Yes, there is a test that does just what you are thinking. The Navy (well, me and my resident aerospace medicine physicians) have validated over the past year a particular computerized color vision software package that tests each of the three cone types independently from one another (red, green, and blue cones), with decreasing saturation on a neutral grey background... at some point, the very desaturated numeral "disappears" to the patient, and that is the threshold of that particular cone-type in that person's eye. We have sampled the known 'color normal' population and known 'color deficient' population, and have statistically mapped out what the "normal" threshold is for each cone type.

The website I posted earlier (Testingcolorvision.com) is by the developer, Dr. Terrace Waggoner. The online public test does much the same thing as the Navy test software...but only tests the individual color desaturation plates if the tester scores below normal on the first set of typical pseudoisochromatic plates (PIP or "colored bubble dot" test books). It could actually be a part of the THX seminar, for example, if they purchased a group package... it'd be nice for a calibrator-in-training to know for certain he/she was "color normal" (and get a certificate to that effect). I have no financial interest in this website.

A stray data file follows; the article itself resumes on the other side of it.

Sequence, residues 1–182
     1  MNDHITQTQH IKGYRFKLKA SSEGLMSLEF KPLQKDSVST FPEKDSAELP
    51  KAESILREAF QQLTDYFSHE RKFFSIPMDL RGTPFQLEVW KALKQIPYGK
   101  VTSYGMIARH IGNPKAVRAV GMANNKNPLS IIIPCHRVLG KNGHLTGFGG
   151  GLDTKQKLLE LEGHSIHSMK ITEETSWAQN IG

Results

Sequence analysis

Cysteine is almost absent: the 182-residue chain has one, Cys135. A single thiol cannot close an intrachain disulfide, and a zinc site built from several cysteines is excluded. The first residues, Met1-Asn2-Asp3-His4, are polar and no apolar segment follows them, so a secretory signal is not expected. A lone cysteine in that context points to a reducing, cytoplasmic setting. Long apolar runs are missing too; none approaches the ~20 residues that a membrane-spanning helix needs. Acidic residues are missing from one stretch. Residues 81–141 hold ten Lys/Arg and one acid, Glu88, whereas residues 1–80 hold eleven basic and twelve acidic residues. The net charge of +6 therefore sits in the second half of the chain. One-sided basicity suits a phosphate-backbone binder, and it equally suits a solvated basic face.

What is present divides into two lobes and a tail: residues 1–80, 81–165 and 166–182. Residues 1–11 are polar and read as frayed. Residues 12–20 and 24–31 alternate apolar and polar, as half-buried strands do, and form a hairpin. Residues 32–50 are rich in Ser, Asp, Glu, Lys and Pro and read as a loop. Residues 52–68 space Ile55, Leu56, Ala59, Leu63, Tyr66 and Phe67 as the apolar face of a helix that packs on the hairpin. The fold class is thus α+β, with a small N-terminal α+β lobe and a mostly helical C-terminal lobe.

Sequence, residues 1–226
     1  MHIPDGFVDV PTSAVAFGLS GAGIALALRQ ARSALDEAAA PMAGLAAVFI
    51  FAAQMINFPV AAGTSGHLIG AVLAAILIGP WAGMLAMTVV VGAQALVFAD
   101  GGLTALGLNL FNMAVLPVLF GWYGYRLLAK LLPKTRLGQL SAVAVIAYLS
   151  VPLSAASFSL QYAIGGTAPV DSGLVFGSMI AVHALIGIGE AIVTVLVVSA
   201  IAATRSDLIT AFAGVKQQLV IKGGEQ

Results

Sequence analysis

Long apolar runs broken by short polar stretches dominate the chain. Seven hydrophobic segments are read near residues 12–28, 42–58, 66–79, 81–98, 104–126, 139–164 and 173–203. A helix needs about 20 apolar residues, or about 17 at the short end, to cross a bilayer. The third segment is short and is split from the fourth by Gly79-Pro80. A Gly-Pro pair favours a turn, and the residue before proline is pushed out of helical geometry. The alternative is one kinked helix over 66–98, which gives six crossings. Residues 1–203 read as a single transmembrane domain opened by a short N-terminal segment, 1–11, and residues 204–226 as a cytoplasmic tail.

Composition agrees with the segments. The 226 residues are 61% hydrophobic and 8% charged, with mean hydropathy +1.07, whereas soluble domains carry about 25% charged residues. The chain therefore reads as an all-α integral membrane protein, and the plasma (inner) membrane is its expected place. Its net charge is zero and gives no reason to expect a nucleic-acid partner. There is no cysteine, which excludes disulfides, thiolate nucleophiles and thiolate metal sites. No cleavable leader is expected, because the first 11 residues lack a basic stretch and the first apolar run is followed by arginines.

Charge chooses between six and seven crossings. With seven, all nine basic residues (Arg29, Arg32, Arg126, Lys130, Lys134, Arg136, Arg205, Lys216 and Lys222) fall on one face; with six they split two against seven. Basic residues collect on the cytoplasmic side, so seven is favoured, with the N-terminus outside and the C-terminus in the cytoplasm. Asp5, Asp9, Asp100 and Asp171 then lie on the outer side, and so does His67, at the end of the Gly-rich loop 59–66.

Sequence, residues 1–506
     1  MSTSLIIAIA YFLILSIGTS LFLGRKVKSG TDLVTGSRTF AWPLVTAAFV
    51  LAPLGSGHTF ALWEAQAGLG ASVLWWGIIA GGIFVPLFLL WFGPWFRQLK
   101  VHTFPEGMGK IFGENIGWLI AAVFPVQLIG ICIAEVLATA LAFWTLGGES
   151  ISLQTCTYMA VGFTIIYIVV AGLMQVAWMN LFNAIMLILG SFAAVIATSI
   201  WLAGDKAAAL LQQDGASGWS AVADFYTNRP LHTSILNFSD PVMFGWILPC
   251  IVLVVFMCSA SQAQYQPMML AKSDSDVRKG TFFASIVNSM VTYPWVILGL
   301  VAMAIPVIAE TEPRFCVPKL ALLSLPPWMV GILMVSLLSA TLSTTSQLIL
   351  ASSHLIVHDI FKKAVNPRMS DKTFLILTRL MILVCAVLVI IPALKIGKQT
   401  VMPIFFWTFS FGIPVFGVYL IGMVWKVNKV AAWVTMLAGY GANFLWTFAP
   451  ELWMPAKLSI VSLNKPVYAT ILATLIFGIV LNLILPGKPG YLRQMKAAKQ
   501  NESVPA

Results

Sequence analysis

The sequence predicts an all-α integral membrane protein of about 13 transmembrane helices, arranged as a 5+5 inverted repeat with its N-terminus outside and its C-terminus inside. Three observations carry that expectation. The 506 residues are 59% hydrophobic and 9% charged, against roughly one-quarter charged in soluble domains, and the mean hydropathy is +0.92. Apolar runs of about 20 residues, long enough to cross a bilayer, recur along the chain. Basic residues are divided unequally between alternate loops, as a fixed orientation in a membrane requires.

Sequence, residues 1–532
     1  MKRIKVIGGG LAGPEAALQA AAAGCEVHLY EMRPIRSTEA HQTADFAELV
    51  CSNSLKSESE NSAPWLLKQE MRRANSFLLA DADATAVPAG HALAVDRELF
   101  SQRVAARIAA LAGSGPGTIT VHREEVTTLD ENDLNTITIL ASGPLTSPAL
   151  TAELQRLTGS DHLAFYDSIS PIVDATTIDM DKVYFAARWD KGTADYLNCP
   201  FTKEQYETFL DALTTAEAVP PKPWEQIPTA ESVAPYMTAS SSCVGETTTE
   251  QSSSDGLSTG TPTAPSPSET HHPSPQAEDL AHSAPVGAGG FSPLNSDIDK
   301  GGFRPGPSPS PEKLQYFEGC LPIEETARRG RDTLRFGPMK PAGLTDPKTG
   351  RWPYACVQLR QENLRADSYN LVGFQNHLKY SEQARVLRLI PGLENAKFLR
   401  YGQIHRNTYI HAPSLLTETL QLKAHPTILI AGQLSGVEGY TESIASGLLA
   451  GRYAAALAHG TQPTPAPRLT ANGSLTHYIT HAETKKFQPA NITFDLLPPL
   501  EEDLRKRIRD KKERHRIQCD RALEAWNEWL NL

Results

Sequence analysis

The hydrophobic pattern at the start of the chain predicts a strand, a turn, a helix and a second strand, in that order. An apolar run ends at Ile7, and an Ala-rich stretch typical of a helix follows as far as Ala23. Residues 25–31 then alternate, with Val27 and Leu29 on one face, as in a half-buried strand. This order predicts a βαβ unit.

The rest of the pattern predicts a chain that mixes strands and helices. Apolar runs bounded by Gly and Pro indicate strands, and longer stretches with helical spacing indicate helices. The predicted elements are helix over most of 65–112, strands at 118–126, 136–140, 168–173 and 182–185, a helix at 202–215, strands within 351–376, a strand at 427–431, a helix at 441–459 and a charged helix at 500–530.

I can send you a flyer for the software which we just began using in the Navy for testing pilots and aircrew/air traffic controllers. The old tests were just not sensitive enough to determine color vision deficiency, and inherently unreliable for screening.

PM me and I'll be happy send you more details on this very rapidly developing field of color vision testing.

Regarding the mis-calibration by someone who was color deficient: for example, someone who was "red-weak" would tend to adjust the television with much more red saturation, maybe tweak tint a bit, and increase the brightness a bit to make a picture look better, and a green-weak person might add more green saturation to the picture. Rarely, someone might be "blue-weak", usually from an acquired eye condition or central nervous system disease (optic neuritis, glaucoma, etc.). What would save someone with CVD, would be the use of the software and colorimeter... if they knew they were color vision deficient, they should trust the gear, not their eyes...but they would not be able to do that last critical subjective reality check on the source material.